A patch of mud in the middle of 132nd Square Park’s soccer field dries in the unseasonably warm weather of March 20. The City of Kirkland is planning to install a stormwater system beneath this field that will consolidate and treat stormwater run-off from the surrounding 48.5 acres. The project will require a 10-foot-deep hole that is nearly the size of the soccer field. Kirkland’s leaders are seizing on this money-saving opportunity—as well as the need to expand park access—to replace the grass surface with synthetic turf.
UPDATES & INFORMATION
Update (March 25) --
The City of Kirkland is hosting an open house on Tuesday, March
26 to show early concepts of 132nd Square Park and to garner the public's feedback. The open house begins at 6 p.m. at the Church of Jesus Christ of Latter-Day Saints. The address is: 13220 NE 132nd St, Kirkland, WA 98034
Project staff are encouraging those who cannot participate in the live version of the open house to participate in the online version.
WHAT: The City of Kirkland is designing a project to better manage stormwater in the Totem Lake/Juanita Creek basin.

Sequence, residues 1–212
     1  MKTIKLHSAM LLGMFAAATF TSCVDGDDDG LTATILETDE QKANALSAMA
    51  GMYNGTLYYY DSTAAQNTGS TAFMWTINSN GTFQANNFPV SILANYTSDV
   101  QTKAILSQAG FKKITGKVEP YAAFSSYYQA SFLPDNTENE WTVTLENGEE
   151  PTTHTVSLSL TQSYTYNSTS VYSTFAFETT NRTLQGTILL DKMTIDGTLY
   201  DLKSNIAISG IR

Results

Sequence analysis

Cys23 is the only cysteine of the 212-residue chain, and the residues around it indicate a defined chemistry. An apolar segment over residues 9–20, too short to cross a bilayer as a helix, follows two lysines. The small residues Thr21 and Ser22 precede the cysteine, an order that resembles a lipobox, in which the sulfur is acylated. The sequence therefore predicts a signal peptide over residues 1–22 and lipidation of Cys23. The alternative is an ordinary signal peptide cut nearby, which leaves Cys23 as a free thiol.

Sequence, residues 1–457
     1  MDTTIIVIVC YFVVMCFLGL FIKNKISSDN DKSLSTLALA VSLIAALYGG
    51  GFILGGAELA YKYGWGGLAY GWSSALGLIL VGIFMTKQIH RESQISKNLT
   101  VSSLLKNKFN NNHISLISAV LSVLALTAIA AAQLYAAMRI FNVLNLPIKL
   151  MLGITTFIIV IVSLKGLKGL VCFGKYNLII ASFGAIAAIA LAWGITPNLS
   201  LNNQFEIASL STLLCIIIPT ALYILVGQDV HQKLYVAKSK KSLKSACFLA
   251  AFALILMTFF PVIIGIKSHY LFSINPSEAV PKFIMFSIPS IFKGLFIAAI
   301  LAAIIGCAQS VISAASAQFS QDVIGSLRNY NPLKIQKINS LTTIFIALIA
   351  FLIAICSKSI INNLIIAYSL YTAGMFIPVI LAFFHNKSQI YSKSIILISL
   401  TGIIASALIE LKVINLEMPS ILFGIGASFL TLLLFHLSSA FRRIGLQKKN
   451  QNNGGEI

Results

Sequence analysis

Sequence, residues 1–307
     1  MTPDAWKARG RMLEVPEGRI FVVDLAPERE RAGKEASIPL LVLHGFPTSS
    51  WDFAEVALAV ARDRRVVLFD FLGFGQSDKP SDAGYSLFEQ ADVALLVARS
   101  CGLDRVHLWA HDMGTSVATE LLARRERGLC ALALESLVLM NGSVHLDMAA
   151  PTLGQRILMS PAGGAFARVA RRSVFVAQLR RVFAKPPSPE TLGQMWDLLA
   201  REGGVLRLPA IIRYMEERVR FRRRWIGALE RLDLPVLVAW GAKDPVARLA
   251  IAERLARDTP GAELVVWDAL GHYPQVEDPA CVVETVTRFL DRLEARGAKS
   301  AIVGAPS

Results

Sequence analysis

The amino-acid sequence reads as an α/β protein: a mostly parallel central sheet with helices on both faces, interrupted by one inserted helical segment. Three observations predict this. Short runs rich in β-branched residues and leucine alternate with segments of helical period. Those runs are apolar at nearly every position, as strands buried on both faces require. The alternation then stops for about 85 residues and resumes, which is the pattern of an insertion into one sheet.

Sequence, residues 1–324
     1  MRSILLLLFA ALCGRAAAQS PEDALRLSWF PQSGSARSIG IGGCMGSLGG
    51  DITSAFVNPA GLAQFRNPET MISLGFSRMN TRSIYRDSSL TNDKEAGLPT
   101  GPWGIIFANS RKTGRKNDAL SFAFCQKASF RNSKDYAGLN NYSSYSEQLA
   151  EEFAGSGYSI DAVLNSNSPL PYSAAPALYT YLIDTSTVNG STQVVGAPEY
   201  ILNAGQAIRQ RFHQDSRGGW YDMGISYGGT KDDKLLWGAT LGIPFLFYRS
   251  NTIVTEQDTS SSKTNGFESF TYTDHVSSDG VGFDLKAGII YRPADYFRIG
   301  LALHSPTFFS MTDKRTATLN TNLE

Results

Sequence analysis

WHY IS THE STORMWATER RETROFIT NECESSARY?
At the same time, the City is planning to invest in the park’s ballfields, trail system and playgrounds. To ensure that those investments are compatible with the community's vision and the City's goals for the park, Kirkland's leaders are engaging the community in a master plan process.
Heavy rains and snowmelt can overwhelm the Totem Lake and Juanita Basin drainage system, resulting sometimes in flooded streets, sidewalks, and homes. The 132nd Square stormwater project aims to reduce the amount of stormwater that flows into Totem Lake, and to filter out many of the pollutants that drain with it.
WHY INVEST IN THE PARK?
132nd Square Park is one of Kirkland's seven community parks. As such, it must accommodate thousands of residents' desire to play ball. A turf surface enables people to play year-round, even in the wettest conditions.
The stormwater project will require contracted crews to dig up at least one of the ball fields in the park. This provides an opportunity for the City of Kirkland to save nearly $2 million on the installation of synthetic turf. The City will
engage with the community in a Park Master Planning process to ensure any improvements align with the city and community’s values and desires for the park. Kirkland’s leaders will continue to ask residents, business-operators and
stakeholders for their feedback throughout the process.
WHERE ARE WE NOW?
Kirkland is just beginning the design process. Members of its staff and City Council want to hear how Kirkland's residents use the park and what additional activities or facilities they would like.
March 2019 - October 2019:
City of Kirkland engages in master planning process with residents, stakeholders and business-operators.
March 2019 - February 2020:
Kirkland's staff and consulting engineers design the 132nd Square Park Stormwater Retrofit.
Spring 2020 - October 2020:
Kirkland's contractor begins construction on 132nd Stormwater Retrofit project.